Student perceptions of digital addiction

First published: 10/05/2019 | Last updated: May 20th, 2019

Introduction: Digital Addiction is a term widely used in the media and in popular culture. The negative consequences of problematic use of digital devices and online material are well documented. Despite this, no consensus has been reached on the definition of ‘digital addiction’. Opinions differ as to whether ‘digital addiction’ is a ‘true’ addiction. There is a paucity of research investigating how individual’s perceive digital addiction and its impact. This project aims to develop an understanding of student perceptions of digital addiction, the impact digital behaviour has on everyday life, and of the boundary between healthy and problematic online behaviour.

Method: University of Leeds students were invited to participate in an online survey which enquired about their online behaviour (including a modified version of the Internet Addiction Test) and demographics (e.g. age, gender, School/Institute). Based on student responses, the research team purposively sampled participants who reported different levels of online behaviour and invited them to an interview. The interview aimed to investigate student perceptions of typical online usage and the point at which they feel digital devices become harmful to a person’s life. Interview data was analysed using thematic analysis. Data collection was carried out from July 2016-September 2016.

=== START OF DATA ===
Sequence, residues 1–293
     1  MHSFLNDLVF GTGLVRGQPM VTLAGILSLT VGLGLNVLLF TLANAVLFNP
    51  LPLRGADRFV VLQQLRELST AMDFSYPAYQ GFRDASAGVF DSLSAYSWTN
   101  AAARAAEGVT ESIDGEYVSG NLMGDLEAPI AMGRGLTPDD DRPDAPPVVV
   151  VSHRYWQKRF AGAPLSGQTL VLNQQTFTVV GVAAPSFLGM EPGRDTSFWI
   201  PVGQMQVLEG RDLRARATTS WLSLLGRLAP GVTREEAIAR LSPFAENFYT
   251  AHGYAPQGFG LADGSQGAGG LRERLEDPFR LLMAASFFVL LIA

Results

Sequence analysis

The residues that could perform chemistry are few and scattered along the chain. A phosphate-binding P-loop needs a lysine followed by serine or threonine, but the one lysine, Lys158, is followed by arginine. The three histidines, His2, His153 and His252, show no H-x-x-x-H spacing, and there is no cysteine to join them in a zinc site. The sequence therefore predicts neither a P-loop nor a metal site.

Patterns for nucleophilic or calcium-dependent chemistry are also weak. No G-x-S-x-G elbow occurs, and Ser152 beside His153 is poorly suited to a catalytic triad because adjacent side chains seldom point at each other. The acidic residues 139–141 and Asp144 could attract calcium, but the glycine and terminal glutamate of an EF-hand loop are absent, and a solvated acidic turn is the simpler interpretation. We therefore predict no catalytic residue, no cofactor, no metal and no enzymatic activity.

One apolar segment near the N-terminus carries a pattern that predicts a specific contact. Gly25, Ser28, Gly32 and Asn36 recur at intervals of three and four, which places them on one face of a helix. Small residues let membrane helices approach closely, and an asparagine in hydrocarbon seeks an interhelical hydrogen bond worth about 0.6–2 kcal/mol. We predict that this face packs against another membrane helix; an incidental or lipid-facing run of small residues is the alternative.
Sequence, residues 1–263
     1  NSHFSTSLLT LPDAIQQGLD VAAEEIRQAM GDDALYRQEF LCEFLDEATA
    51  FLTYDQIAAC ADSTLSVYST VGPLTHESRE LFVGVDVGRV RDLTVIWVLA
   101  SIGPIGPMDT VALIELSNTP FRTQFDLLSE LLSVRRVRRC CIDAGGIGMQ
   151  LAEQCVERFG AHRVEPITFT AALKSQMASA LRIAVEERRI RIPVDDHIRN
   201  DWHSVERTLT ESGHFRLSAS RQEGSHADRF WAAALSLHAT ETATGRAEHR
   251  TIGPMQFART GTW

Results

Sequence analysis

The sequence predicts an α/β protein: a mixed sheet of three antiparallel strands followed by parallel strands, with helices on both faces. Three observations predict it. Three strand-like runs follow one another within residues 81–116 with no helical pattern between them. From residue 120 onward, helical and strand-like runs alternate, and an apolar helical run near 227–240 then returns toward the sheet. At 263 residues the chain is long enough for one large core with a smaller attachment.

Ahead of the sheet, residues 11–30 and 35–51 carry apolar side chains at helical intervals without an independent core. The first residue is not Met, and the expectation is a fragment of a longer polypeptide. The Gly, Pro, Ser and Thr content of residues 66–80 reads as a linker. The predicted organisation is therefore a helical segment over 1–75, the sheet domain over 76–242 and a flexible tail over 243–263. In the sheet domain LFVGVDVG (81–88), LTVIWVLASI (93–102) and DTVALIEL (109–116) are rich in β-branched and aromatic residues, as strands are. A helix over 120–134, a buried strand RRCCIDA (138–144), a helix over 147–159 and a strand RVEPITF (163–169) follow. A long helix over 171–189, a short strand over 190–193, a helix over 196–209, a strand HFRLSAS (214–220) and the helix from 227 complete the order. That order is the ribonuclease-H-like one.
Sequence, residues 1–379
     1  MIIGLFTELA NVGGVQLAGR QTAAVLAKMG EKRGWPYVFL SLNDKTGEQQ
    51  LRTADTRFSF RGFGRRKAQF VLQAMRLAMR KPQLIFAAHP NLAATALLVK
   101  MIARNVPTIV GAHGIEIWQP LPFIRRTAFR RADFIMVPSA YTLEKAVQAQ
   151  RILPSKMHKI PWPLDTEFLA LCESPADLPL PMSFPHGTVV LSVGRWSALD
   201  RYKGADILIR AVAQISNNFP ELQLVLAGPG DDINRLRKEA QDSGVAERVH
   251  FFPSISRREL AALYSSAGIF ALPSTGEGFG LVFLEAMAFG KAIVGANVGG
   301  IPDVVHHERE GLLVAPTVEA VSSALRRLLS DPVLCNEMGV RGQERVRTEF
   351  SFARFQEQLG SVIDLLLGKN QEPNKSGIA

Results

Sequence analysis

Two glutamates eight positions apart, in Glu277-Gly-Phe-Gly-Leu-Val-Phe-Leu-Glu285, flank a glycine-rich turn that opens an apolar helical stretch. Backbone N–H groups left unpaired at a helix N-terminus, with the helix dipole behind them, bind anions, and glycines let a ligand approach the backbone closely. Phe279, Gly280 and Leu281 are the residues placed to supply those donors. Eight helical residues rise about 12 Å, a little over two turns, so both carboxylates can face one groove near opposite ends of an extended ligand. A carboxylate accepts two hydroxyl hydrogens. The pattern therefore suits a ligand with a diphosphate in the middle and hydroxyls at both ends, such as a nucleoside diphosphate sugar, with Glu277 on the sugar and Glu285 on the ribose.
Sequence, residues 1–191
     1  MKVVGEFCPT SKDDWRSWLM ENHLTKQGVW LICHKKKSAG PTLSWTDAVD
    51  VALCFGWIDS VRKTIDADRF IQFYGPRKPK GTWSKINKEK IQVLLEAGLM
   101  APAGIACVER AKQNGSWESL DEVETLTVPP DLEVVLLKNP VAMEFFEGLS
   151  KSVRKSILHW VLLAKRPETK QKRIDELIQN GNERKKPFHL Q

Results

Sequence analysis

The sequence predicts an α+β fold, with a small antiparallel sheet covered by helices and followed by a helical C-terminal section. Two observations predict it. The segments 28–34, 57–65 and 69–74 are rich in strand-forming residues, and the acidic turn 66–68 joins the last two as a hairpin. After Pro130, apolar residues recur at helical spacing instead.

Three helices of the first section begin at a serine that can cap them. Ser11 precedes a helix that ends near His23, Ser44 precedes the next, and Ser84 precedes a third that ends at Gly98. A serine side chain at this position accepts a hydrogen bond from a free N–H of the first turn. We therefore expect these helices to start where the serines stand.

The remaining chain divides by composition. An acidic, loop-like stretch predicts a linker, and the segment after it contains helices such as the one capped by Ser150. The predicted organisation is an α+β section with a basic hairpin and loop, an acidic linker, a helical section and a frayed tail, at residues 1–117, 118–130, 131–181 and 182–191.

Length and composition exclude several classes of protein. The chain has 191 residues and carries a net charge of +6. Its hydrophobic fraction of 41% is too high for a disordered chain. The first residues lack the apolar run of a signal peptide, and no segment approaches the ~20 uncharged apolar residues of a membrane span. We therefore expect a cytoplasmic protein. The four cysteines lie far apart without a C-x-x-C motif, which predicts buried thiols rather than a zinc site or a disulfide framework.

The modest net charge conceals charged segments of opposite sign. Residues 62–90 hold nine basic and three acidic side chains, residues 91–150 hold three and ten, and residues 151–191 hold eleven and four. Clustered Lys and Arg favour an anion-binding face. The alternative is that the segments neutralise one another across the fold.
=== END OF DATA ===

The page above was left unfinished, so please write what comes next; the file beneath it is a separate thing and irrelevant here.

Results: The poster will present the results of the qualitative analysis of the interview data. Preliminary analysis suggests that students describe problematic online usage by its negative impact on everyday life rather than by a metric of extent of use of online devices/material. Students describe strategies used to avoid problematic use and to avoid being overwhelmed by the online world. Some students appear motivated to avoid addiction to the online world and the negative consequences that are perceived to be associated with problematic use.

Conclusion: The poster will explore the ability of these results to contribute to the development of a common understanding of digital addiction, and it’s boundary with healthy online behaviour. The opportunities for prevention of and early intervention with digital addiction in the student population will be discussed.

Co-Authors
Ms G Genova, Dr B M Bewick, Prof B Summers University of Leeds
Conflicts of interest:
Funding sources and declaration: University of Leeds Undergraduate Reasearch and Leadership Scholarship Scheme

no conflict of interest

Dr Bridgette Bewick